How did green onion cakes become one of Edmonton's favourite foods?
Most of Chris Chang-Yen Phillips's research led him back to one man: Siu To
Edmonton's relationship with green onion cakes is mysterious.
A popular dish in northern China, the cakes have somehow carved out a home in Edmonton.
And no one is really sure why.
Chris Chang-Yen Phillips, Edmonton's historian laureate and host of Let's Find Out podcast, decided to try to figure that out.
"It's interesting that [green onion cakes] feel like an Edmonton thing," Chang-Yen Phillips told CBC's Radio Active. "In some ways, it is, because if you go to other cities in Canada, you can't really find them.
"But it's also very widespread in China in many different forms."
Chang-Yen Phillips will host a panel discussion about Edmonton's history with green onion cakes on Saturday at the Mercury Room. During his research, he found the dish was popularized in the 1980s. Every person he asked led him to one man.
"Everybody I asked for leads on this question kept pointing me back to Siu To," he said.
'A darling item'
Siu To came from northern China and started his first restaurant in 1978. His green onion cakes were an immediate hit. No other restaurants in Edmonton were selling them at the time, so anyone who wanted them had to go to Happy Garden or his other restaurant, Mongolian Food Experience.
To said many of his customers were Taiwanese people who came to the U.S. for school and found jobs in Edmonton.
"They were the first ones to come because I satisfied all their cravings," he said in an interview with CBC's Radio Active. "Then, they [would] bring their colleagues, their friends, so my little restaurant was very, very busy at the time."
The cakes weren't truly an Edmonton staple until they were sold widely at events like Taste of Edmonton, Folk Fest and the Fringe.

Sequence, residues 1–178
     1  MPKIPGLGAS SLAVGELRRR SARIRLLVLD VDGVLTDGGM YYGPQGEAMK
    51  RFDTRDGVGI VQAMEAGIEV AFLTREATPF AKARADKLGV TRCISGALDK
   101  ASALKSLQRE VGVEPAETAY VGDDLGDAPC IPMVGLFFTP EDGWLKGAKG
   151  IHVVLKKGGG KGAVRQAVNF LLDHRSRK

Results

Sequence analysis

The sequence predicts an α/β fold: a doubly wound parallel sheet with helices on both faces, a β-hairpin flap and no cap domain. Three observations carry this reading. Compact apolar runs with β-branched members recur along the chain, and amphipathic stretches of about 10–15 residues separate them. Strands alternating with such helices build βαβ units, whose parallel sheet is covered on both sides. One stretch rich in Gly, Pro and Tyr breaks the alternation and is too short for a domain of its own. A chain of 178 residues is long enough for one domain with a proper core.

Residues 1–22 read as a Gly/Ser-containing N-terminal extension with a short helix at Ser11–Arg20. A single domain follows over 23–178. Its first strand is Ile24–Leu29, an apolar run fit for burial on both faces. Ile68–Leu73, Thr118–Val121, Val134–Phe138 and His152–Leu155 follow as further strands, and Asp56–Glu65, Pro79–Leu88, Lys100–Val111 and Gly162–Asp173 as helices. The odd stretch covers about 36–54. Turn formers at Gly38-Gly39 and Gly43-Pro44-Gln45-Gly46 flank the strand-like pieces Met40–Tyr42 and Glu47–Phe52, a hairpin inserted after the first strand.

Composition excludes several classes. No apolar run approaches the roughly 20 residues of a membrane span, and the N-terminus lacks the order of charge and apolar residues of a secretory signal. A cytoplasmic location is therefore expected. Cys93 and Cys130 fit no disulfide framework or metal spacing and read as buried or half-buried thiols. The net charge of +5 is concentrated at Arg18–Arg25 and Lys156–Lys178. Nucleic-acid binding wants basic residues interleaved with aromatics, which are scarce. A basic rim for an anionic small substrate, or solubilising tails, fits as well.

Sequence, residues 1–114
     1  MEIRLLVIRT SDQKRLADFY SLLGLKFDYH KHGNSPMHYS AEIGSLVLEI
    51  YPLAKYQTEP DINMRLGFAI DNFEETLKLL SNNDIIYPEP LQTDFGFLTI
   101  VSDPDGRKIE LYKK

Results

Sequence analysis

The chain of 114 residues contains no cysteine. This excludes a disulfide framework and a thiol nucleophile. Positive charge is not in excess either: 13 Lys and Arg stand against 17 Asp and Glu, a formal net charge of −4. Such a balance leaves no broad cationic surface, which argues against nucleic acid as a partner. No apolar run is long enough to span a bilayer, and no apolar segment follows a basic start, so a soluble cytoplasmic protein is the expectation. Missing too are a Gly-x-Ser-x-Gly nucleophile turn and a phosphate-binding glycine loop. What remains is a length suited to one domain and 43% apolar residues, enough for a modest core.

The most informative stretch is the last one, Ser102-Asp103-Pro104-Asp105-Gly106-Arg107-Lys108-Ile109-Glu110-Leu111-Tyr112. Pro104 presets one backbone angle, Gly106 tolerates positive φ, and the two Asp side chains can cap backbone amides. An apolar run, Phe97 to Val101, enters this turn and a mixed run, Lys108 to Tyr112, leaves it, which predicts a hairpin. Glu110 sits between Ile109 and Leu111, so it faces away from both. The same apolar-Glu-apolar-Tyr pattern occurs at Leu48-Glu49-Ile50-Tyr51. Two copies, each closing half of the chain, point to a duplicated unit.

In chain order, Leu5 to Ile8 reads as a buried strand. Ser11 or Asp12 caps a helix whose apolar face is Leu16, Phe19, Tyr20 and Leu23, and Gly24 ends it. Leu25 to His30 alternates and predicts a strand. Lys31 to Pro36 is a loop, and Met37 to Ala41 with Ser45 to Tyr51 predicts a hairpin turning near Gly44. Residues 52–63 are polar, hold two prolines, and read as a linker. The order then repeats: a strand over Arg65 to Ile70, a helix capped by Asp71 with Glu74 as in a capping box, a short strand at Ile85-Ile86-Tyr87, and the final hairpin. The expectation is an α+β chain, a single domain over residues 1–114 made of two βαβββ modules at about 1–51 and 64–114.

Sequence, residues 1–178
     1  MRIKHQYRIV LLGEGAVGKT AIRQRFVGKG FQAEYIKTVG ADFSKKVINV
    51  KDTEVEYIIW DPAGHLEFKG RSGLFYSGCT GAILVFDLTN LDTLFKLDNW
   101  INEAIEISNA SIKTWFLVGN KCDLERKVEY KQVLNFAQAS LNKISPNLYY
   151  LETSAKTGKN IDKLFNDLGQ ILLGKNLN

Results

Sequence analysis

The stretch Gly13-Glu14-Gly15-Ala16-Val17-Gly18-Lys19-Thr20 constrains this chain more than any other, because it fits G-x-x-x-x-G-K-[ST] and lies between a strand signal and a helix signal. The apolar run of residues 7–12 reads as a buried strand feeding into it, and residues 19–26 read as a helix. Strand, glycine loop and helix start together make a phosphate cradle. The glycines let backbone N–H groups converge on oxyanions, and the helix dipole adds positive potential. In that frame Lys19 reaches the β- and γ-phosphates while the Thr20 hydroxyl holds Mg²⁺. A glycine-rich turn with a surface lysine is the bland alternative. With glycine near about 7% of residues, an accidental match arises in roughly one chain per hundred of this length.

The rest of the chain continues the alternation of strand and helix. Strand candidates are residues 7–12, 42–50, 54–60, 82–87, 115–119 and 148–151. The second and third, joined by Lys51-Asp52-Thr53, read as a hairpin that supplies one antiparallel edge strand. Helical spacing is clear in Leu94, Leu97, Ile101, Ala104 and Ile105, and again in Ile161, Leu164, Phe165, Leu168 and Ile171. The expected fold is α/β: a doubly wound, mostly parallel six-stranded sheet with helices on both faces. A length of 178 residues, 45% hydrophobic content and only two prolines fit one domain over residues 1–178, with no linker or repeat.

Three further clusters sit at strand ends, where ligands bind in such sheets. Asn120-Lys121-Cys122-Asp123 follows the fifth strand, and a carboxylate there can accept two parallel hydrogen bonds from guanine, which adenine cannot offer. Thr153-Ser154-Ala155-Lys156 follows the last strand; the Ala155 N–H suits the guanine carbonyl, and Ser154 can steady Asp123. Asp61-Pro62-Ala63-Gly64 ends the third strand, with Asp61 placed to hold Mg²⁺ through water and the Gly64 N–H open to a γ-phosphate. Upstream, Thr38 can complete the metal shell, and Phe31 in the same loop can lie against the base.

'It's my heritage'
To was asked to sell food at those events. He could have gone with a stir-fry that would have been much easier to mass produce, but chose the green onion cake.
"The average cook, they wouldn't do it," he said. "They'd just say, 'It wastes my time.' "
A typical cook could make as many as seven dishes in the time it takes to cook one pre-made green onion cake, To said.
"It's just not profitable for the other restaurants," he said. "But for me, it's my heritage. I like to share the unique food with my customer."
He wants to share the recipe with people who want to make them, so he posted a YouTube video in January.
The green onion cake was a perfect festival food: an unmistakable aroma, easy to carry around, not messy to eat.
"It represents a bit of a shift in Chinese cuisine in Alberta from being a Cantonese-style cuisine to sort of experimenting with other food traditions in China," Chang-Yen Phillips said.
To's restaurants were the only ones making green onion cakes, so once they became popular they started getting calls to sell them to other restaurants around the city. "That was becoming our calling card," he said.
Many restaurants around the city are now selling green onion cakes, both in the shape of pancakes and a doughnut-type shape.
It's my heritage. I like to share the unique food with my customer.- Siu To
Through his research, Chang-Yen Phillips found the difference between the two styles could be whether they were handmade. The pancake-style green onion cakes were handmade, whereas the ones with the holes in the middle may have been made to deep fry.
But Chang-Yen Phillips said green onion cakes could have become popular by a stroke of luck.
"Maybe people in Edmonton really like fried bread relative to people in other places," he said, laughing.
But unlike the green onion cake, it's probably not that simple.
With his panel on Saturday, Chang-Yen Phillips hopes to explore that. You can find more information on Saturday's event here.